Issues

Issue #3070 closed

ForeignKey schema detection from MetaData problem

Iurie Gheorghies
created an issue

"""Python 2.7.5+ SQLAlchemy 9.4"""

A regression fix was made: https://github.com/zzzeek/sqlalchemy/pull/67

but the script fails with exception

The script attached output:

sqlalchemy.exc.NoReferencedTableError: Foreign key associated with column 'user.account_id' could not find table 'account' with which to generate a foreign key to target column 'id'

Comments (10)

  1. Mike Bayer repo owner

    foreign key defs using strings require the fully qualified schema.tablename in order to locate their referenced col...unless you use the .schema argument on the MetaData() collection overall. Sorry!

      account_id = Column(Integer, ForeignKey('test.account.id'))
    
  2. Mike Bayer repo owner

    as well as an "account" table that has no schema name, it uses the "default" for the connection. how to refer to that? "<none>".table.colname ? seems awkward?

  3. Mike Bayer repo owner

    there's a lot of ways, it depends on what you're trying to do. like use a mixin:

    class UsesTest(object):
        __table_args__ = {'schema': 'test'}
    
        @staticmethod
        def ForeignKey(name):
            return ForeignKey("test.%s" % name)
    
    class User(UsesTest, Base):
    
        __tablename__ = 'user'
    
        id = Column(Integer, primary_key=True)
        account_id = Column(Integer, UsesTest.ForeignKey("account.id"))
    
    class Account(UsesTest, Base):
    
        __tablename__ = 'account'
        id = Column(Integer, primary_key=True)
    
    
        user = relationship(User)
    

    or if you just have certain schemas based on something, just use plain functions, like def schema1_fk(), depends on who has the knowledge where.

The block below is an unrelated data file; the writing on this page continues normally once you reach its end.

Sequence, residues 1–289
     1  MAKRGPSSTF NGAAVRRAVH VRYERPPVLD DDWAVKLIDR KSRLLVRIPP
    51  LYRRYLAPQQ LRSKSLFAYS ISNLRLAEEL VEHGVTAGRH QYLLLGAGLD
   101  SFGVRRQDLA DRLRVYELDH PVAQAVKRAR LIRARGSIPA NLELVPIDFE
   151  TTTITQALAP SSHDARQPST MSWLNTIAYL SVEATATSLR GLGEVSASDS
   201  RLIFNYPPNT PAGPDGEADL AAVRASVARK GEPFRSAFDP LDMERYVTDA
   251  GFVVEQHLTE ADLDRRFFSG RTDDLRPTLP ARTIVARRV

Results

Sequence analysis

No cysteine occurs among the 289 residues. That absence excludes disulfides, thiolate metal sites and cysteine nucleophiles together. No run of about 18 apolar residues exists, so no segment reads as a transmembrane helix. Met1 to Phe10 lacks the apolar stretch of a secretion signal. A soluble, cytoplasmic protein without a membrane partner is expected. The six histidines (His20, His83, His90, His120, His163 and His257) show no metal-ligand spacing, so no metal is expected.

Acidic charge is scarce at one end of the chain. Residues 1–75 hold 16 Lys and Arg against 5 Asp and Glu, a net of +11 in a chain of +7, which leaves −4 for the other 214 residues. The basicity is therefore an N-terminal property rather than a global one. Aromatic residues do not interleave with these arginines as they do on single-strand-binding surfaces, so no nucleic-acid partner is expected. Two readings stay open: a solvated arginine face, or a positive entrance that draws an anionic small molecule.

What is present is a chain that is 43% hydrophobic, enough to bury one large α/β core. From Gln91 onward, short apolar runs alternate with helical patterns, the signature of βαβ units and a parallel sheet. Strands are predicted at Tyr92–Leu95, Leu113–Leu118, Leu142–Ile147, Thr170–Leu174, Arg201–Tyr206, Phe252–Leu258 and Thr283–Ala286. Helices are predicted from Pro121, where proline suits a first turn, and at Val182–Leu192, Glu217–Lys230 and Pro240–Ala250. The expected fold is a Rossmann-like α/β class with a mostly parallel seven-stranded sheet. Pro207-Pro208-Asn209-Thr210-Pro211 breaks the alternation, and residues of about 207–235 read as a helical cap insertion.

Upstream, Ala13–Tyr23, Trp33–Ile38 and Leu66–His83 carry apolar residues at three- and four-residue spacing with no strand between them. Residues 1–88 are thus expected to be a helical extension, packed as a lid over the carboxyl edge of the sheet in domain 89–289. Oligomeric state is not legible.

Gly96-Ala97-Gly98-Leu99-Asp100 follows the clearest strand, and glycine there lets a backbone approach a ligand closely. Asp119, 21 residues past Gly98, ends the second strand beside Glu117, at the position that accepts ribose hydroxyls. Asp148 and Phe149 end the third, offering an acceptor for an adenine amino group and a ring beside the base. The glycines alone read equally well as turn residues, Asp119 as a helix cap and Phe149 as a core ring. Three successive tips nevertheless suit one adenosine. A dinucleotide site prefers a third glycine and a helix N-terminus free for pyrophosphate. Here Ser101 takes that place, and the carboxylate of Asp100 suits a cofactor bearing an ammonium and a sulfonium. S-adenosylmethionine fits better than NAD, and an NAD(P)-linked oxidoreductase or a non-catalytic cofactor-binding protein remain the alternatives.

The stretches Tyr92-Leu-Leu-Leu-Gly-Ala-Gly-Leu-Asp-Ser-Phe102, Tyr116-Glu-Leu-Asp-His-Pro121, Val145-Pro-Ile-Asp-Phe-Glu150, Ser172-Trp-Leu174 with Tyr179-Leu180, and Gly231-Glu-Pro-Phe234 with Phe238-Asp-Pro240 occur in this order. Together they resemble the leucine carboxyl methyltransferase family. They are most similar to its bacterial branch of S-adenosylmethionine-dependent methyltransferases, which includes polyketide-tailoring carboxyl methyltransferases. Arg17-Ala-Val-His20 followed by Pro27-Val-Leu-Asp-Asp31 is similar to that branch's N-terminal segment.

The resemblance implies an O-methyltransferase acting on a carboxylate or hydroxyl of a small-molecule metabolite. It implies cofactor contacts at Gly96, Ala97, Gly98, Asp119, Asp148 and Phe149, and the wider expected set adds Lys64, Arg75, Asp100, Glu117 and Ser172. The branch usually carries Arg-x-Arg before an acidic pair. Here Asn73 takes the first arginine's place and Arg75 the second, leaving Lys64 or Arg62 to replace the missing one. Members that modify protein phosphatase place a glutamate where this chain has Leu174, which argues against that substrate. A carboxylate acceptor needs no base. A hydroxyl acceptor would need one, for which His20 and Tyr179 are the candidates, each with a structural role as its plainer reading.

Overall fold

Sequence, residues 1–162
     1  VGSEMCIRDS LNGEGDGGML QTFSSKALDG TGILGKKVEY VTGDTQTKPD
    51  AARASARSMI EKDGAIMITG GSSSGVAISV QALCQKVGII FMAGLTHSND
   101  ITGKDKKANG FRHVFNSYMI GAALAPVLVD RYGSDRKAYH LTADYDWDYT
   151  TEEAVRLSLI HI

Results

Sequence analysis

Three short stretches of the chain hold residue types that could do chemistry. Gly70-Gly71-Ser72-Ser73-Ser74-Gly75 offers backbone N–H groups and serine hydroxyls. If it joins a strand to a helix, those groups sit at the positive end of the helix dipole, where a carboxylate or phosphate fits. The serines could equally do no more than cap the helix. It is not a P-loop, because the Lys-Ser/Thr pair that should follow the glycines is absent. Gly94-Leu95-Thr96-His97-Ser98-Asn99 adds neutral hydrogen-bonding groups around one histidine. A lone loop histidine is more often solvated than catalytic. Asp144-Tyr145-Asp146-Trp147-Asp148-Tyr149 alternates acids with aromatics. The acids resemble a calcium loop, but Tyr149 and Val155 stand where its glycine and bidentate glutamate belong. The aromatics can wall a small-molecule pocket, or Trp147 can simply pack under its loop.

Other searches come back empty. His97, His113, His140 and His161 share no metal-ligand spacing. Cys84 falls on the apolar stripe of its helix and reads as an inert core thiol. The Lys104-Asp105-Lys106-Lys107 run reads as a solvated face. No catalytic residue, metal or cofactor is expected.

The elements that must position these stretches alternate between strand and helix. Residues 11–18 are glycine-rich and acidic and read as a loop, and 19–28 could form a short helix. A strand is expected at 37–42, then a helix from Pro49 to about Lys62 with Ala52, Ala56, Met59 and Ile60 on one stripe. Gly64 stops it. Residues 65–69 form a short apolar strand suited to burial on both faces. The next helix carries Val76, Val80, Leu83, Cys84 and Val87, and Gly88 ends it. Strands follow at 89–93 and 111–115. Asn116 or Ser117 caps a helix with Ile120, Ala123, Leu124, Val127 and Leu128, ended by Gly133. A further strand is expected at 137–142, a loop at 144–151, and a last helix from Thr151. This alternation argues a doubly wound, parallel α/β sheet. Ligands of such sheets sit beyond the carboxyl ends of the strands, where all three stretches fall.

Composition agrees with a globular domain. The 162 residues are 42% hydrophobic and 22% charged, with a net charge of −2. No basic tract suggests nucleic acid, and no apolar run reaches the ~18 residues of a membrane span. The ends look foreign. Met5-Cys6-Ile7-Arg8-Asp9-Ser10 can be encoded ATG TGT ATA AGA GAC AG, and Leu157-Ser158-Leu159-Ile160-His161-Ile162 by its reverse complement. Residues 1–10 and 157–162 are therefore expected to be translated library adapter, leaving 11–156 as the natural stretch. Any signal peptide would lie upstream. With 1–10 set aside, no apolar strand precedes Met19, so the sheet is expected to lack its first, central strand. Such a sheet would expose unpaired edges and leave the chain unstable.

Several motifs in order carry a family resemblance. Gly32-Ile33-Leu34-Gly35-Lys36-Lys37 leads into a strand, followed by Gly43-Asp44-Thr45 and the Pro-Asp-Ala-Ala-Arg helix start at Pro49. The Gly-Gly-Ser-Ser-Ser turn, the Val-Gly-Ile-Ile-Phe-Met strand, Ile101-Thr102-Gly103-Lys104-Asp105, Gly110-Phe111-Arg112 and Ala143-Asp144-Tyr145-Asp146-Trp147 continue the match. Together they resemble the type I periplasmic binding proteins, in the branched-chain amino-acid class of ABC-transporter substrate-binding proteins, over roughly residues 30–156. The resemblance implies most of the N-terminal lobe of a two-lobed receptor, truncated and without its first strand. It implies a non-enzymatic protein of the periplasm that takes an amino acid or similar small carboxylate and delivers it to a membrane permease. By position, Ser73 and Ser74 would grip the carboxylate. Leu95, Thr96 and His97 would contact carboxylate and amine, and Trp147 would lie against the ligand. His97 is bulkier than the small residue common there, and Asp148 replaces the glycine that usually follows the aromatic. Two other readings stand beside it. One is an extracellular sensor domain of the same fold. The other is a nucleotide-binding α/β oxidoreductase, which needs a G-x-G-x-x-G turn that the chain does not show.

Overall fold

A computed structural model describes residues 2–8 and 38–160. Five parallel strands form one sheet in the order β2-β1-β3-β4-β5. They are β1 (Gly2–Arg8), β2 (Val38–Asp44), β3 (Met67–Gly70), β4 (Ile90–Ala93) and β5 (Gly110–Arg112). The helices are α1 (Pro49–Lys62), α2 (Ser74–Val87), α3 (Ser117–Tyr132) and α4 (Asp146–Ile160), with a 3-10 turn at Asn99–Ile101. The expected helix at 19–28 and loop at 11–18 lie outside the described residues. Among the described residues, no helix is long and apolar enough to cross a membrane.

4. Mike Bayer repo owner

    then pull it out of the table args!

    class UsesTest(object):
        __table_args__ = {'schema': 'test'}
    
        @classmethod
        def ForeignKey(cls, name):
            return ForeignKey("%s.%s" % (cls.__table_args__['schema'], name))
    
  5. Iurie Gheorghies reporter

    I mean there are times when I need to use it for unique constrains or other things s0 I silently overwrite it.

    class UsesTest(object):
        __table_args__ = {'schema': 'test'}
    
        @staticmethod
        def ForeignKey(name):
            return ForeignKey("test.%s" % name)
    
    class A(UsesTest, Base):
    
        __tablename__ = 'user'
    
        id = Column(Integer, primary_key=True)
        field = Column(Integer)
        field2 = Column(Integer)
    
    
        __table_args__ = (UniqueConstraint('field', 'field2', name='unique_field_field2'))
    

    Sorry for taking your time with Python lessons. )

  6. Mike Bayer repo owner

    well that can happen regardless, a subclass can override anything. if its valid for them to subclass it you can make the foreignkey method smarter, or have it raise an exception....

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